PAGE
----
versão On-line ISSN 2078-5135
versão impressa ISSN 0256-9574
SAMJ, S. Afr. med. j. vol.100 no.7 Cape Town Jul. 2010
Testicular cancer: management challenges in an African developing country
F O UgwumbaI; A E AghajiII
IMB BS, FWACS, FICS. Division of Urology, Department of Surgery, University of Nigeria Teaching Hospital, Enugu, Enugu State, Nigeria
IIMB BCh, FRCS (Edin), FRCS (Glasg), FWACS, FICS. Division of Urology, Department of Surgery, University of Nigeria Teaching Hospital, Enugu, Enugu State, Nigeria
BACKGROUND: Advances in oncology have greatly improved the prognosis of testicular cancer. In developing countries, however, the outcome is still poor.
PATIENTS AND METHODS: Twenty-four patients managed for testicular cancer at two centres (University of Nigeria Teaching Hospital, Enugu, Nigeria, and JAMA Urological Clinic, Enugu) between April 1984 and March 2003 were prospectively studied. Histopathological data were obtained in all cases.
RESULTS: Peak age incidence was 20 - 29 years. Testicular swelling was the principal complaint in 23 patients. The mean interval between onset of symptoms and presentation was 5.3 months. Two patients (8.3%) presented with stage 1 disease, 7 (29.2%) with stage 2, 7 (29.2%) with stage 3, and 8 (33.3%) with stage 4. Seventy-five per cent of tumours were right-sided, and 25% were left-sided. Treatment consisted of radical orchidectomy in all patients and cisplatin-based chemotherapy and radiotherapy in some patients. One patient with a tumour in an intra-abdominal testis underwent laparotomy. The most common histological types were seminoma and embryonal carcinoma. A fifth of the patients died, while half were lost to follow-up. The mean follow-up period was 9 months.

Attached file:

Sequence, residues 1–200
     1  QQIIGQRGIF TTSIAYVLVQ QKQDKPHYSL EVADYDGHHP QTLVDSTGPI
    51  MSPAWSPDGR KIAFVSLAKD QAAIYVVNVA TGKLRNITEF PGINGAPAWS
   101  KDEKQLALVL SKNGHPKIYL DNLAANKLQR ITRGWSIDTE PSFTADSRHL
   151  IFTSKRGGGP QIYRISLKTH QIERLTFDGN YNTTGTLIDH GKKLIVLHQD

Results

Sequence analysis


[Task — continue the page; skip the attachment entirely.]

CONCLUSION: Morbidity and mortality of testicular cancer is high in developing countries. Late presentation, poverty, paucity of resources and the high cost of newer imaging modalities and treatment are major challenges to management. Better health funding and education regarding testicular self-examination is essential.
Testicular cancer accounted for 1.1% of all cancers in males in the year 2000.1 The incidence was reported to be lower in non-whites than whites,2 while a study on a black population showed that, while there was a low incidence of germ cell tumours, non-germ cell tumours had a similar incidence to that in the white series.3 Testicular tumours arise from germ cells in 94 - 97% of cases. The tumours are classified into seminoma (classic, anaplastic and spermatocytic variants) and non-seminomatous germ cell tumours (embryonal carcinoma, teratocarcinoma, teratoma, choriocarcinoma, and yolk sac tumours). Non-germ cell tumours include gonadal stromal tumours and miscellaneous neoplasms.